That’s the total number of Maybach’s sold by the entire United States dealer network in 2006.
Maybach started out with 71 dealers. Now it is down to 42. The others gave up their franchises, in exchange for payments from Mercedes-Benz which one dealer said amounted to one-fourth of the dealer’s investment.
And it’s a safe bet that whomever was unfortunate enough to have purchased one of these overpriced last generation S Class cars got screwed even more: no dealer nearby, nothing better than just another Mercedes-Benz owner.
When it became apparent from BMW’s acquisition of the Rolls-Royce name, and the eventual acquisition of the car to go with it, that BMW would have an entry in the super luxury market, Mercedes-Benz rushed into the breach with a Super S Class Mercedes they called the Maybach.
The Maybach name belonged to a premier class of automobile built in Germany during the 1930’s, at a price level only the 540 level of Mercedes could equal. Known more as the company that built the engines for the Zeppelins (after the Zeppelin company found Mercedes-Benz engines dangerously unreliable), Maybach had a reputation for supreme quality and engineering – at the time. But the depression did them in and Daimler-Benz ultimately ended up owning the company’s assets, including the name.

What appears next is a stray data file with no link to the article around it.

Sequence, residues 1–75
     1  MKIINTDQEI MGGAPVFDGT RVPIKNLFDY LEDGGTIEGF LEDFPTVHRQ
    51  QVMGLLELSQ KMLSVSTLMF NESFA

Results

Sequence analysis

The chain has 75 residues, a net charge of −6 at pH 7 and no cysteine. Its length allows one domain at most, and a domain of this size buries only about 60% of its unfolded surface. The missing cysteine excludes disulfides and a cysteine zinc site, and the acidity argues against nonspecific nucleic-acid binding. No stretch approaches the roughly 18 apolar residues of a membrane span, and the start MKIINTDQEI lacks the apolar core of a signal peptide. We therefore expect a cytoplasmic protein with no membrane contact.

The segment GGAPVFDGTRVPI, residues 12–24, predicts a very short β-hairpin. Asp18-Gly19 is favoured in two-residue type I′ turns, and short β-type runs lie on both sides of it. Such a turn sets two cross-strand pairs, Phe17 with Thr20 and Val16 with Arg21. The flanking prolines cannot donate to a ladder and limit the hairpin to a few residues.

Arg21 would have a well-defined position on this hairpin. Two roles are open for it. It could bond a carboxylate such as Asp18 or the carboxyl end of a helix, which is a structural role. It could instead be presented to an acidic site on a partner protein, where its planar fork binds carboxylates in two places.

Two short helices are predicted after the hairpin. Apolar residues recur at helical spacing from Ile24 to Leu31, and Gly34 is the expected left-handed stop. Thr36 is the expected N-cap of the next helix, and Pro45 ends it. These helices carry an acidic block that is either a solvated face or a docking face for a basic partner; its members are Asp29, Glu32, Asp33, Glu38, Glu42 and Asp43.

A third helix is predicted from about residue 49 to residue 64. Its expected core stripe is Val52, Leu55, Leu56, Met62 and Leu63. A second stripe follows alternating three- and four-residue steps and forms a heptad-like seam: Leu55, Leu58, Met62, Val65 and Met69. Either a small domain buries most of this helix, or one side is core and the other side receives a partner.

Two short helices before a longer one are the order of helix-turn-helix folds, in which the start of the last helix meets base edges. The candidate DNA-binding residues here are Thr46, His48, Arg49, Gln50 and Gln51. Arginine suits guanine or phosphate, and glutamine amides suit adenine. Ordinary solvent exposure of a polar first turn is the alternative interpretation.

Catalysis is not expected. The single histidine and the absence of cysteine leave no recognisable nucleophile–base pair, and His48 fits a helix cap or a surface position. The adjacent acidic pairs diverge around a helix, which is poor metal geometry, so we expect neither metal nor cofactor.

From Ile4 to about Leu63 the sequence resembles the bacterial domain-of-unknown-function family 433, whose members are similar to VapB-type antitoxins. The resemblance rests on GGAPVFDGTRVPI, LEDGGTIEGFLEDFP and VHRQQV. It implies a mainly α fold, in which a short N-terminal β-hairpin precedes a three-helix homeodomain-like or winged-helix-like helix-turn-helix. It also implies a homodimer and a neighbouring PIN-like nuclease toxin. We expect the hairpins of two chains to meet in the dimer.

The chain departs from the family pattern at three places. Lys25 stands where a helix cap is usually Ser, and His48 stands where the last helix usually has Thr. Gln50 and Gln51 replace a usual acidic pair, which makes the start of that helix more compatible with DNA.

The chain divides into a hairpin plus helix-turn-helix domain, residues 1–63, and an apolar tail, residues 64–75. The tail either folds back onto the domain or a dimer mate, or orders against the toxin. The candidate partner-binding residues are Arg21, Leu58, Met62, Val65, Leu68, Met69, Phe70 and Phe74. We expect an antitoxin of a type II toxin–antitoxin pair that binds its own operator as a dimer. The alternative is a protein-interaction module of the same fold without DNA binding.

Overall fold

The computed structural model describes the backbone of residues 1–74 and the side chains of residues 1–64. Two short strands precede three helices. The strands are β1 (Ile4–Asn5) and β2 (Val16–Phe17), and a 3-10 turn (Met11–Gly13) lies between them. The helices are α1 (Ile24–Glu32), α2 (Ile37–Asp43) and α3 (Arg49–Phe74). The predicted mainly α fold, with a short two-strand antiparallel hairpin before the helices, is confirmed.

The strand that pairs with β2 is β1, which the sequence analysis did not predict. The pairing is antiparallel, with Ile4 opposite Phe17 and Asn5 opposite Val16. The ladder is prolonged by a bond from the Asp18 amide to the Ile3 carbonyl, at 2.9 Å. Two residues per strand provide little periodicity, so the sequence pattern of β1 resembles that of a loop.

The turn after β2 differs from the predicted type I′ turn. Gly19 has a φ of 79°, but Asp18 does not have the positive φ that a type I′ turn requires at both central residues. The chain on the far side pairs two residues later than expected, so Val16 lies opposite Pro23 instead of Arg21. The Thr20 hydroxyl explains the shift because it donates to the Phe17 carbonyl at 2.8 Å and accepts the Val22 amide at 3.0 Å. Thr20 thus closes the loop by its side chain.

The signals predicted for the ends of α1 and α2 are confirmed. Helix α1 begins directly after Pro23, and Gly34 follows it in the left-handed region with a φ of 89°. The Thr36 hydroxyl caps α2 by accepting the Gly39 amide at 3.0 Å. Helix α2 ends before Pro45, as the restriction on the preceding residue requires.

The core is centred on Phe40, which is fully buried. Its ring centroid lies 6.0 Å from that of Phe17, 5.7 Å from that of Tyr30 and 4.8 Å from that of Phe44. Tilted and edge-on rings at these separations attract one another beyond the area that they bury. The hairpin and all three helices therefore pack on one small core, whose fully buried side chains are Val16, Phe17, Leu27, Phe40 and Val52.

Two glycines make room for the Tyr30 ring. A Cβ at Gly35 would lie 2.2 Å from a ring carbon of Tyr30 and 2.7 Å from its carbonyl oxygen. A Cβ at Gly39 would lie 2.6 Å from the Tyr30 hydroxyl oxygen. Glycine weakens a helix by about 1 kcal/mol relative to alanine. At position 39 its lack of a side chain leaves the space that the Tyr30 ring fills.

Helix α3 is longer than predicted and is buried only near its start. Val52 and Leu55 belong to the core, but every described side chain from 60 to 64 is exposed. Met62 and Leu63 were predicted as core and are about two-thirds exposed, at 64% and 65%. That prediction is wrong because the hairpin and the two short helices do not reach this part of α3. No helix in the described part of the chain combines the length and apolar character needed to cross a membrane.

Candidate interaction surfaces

A name almost no one knew.
A name not exactly at the level of public appreciation as the Rolls-Royce, the car made legendary by a legendary history and imaginative advertising campaign. In the 1960’s, they sold the Rolls-Royce as the car in which the only sound you hear at 60 mph is the ticking of the clock. The ads were so successful that Ford claimed its LTD was quieter when it introduced the car in 1968.
But nobody compared anything to the Maybach.
Now the brand is imploding.
In a year’s time, Maybach has shuttered about one-third of its dealers, though it says it has no plans to diminish the dealer ranks more.
On the other hand, the company has not announced any plans for a new model, and the current Maybach is based on the last generation S Class. That makes it a lot of money for an old car. Especially since it looks a lot like the old S Class.
At 25¢ on the dollar, the guys at Chrysler look like they came out of their skirmish pretty well.
At 25¢ to get out of selling a warmed-over has-been of a car, the dealers who’ve sold out appear to have been ahead of the wave.
At zero cents on the dollar to sell one or two cars a year, on average, the dealers that remain may turn out to be the real losers.
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